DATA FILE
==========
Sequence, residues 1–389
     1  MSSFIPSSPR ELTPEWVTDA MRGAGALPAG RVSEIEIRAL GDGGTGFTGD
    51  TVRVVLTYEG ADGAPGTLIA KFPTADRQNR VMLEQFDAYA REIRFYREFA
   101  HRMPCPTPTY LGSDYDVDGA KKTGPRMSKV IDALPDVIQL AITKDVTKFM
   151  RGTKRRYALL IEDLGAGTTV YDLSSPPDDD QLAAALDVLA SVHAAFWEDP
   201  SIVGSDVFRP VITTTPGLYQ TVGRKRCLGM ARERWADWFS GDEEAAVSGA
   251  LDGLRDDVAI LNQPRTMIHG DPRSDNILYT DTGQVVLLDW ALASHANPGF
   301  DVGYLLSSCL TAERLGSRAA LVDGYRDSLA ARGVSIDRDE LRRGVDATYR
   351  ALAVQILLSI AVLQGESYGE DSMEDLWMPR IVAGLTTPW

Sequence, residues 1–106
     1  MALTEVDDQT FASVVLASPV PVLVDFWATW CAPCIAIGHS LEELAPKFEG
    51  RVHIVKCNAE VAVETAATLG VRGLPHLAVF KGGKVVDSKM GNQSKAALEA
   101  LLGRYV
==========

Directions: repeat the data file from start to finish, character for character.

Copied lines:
Sequence, residues 1–389
     1  MSSFIPSSPR ELTPEWVTDA MRGAGALPAG RVSEIEIRAL GDGGTGFTGD
    51  TVRVVLTYEG ADGAPGTLIA KFPTADRQNR VMLEQFDAYA REIRFYREFA
   101  HRMPCPTPTY LGSDYDVDGA KKTGPRMSKV IDALPDVIQL AITKDVTKFM
   151  RGTKRRYALL IEDLGAGTTV YDLSSPPDDD QLAAALDVLA SVHAAFWEDP
   201  SIVGSDVFRP VITTTPGLYQ TVGRKRCLGM ARERWADWFS GDEEAAVSGA
   251  LDGLRDDVAI LNQPRTMIHG DPRSDNILYT DTGQVVLLDW ALASHANPGF
   301  DVGYLLSSCL TAERLGSRAA LVDGYRDSLA ARGVSIDRDE LRRGVDATYR
   351  ALAVQILLSI AVLQGESYGE DSMEDLWMPR IVAGLTTPW

Sequence, residues 1–106
     1  MALTEVDDQT FASVVLASPV PVLVDFWATW CAPCIAIGHS LEELAPKFEG
    51  RVHIVKCNAE VAVETAATLG VRGLPHLAVF KGGKVVDSKM GNQSKAALEA
   101  LLGRYV